“This was the first Works of Public Art (WPA) project of the 1930’s. You could say they were Beta Testing the concept of employing artists to make public art,” said Davy Crockett, Coit Tower’s tour
“It was a rough time in San Francisco, before the highway system was in place, the only way, to get to San Francisco, was by boat or rail and no one was coming.” Mr. Crockett went on.
The Federal Highway bill wasn’t signed into law until 1956. Before that year, the routes to San Francisco were the same as they were in 1856 except cars had replaced covered wagons.
“Twenty-six artists, 19 assistants, and three plasterers lived and worked on site from January to the end of April 1934. It was a Bohemian atmosphere and the organizers decided chaperones were necessary. A retired General, who had served in WWI and his wife, moved into an apartment on the second floor where the office is, now.
There was a lot of political unrest due to the depression, all over the country. Economic difficulties radicalized both citizens of San Francisco and its artists. Labor unions organized workers. Within weeks of the mural’s finish, one of the largest labor strikes, crossing multiple industries, took place in San Francisco.
Artists agreed that no person would be painted smiling, anywhere in the building. One set of murals showed people playing at the beach. Originally the artist gave smiling faces to his subjects but others convinced him to remove them to keep the theme consistent and he did.
Eventually, the tower fell into disrepair. Linda, from Santa Rosa, remembers going there in the ‘80’s. “The walls were defaced with vulgar graffiti and the place smelled like urine.” She said.
“It used to leak like a sieve; hadn’t been cleaned for 25 years. We just spent $2,000,000 bringing it into the 21st Century,” said Mr. Crockett.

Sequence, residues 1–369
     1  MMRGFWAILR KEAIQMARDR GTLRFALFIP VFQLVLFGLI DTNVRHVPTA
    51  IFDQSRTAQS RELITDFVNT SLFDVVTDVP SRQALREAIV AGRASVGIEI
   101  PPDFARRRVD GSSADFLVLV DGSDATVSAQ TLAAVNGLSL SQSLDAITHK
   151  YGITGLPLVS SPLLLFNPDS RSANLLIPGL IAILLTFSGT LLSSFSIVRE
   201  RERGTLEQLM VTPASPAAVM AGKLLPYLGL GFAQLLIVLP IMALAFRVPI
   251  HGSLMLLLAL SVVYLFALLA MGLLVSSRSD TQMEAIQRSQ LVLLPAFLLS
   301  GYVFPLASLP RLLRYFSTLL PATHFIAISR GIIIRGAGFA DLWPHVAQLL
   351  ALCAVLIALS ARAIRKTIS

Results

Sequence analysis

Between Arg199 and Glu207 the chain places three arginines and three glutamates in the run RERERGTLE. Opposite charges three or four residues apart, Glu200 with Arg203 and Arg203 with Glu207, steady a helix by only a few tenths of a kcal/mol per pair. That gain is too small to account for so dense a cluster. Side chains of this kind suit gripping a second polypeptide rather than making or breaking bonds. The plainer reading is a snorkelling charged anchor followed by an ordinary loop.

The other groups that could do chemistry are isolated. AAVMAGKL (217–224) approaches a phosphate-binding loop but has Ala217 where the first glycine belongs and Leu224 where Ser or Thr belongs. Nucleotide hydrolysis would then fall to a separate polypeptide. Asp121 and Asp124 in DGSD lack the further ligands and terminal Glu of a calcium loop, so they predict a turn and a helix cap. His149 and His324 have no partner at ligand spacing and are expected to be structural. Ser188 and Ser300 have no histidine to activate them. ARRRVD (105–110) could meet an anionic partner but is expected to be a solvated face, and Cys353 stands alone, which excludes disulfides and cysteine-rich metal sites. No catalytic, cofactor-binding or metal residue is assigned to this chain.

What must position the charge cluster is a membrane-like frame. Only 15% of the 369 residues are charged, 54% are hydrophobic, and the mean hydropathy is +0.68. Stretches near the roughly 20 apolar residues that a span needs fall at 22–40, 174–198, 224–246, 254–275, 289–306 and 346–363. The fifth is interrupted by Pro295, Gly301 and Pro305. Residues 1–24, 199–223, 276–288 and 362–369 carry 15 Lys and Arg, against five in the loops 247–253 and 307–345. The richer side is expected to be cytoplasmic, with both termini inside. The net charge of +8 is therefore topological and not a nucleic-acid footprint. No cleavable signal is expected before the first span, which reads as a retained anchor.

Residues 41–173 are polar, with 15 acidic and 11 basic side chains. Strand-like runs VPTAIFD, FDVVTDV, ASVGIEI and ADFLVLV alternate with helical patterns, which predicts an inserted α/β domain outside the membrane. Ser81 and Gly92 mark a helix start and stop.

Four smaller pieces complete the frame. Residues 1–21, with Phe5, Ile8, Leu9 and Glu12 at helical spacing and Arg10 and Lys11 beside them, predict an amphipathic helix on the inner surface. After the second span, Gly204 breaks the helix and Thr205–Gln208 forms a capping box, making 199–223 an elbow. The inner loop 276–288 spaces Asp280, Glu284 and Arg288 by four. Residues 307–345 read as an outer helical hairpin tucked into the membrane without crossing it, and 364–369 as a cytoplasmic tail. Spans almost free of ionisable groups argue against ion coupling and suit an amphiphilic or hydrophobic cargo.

The murals are beautifully restored by professional artists using original materials. Upstairs, in a room that can only be been seen if you get there at 11:00 am on Saturdays, is a room of outlined paintings originally rendered with egg tempera on
plaster. It was the most difficult art to restore. Today, there is nary a crack or scrape to be found anywhere. The snapshots of working people of the time are rendered in majestic, heroic detail.
Be sure to visit Coit Tower to hear more, interesting stories.
Most visitors visit the tower at the urging of European guidebooks. Being local, neither my husband nor I had ever visited Coit Tower. No one told us it was a worthwhile trip. Now after the restoration, I’m telling you: You don’t want to miss it!
Eighty percent of the people, who visit, walk up Filbert Street from North Beach or walk up Green Street to Montgomery Street and turn left. Here are steps on each side of the dead end wall; go up these and follow the signs. Both routes involve lots of stairs, but it’s worth the effort. As you pass clean, Art Deco era homes the bay unfolds below. Both bridges, Alcatraz and Treasure Island open in a panoramic scene.
After viewing the art take the antique, but completely refurbished, elevator to the top for breathtaking views of the entire Bay Area. Think how many times and from how many places you can look up to see Coit Tower, whether you’re on a Ferry, a cable car going over Nob Hill or crossing a bridge. Coit Tower can see you, too. Go, and take your children. You’ll all be better people for it.
Coit Tower is open from 10:00 am to 6:00 pm. Go early to avoid standing in a long line. The address is 1 Telegraph Hill Blvd. at Greenwich Street. Go, already.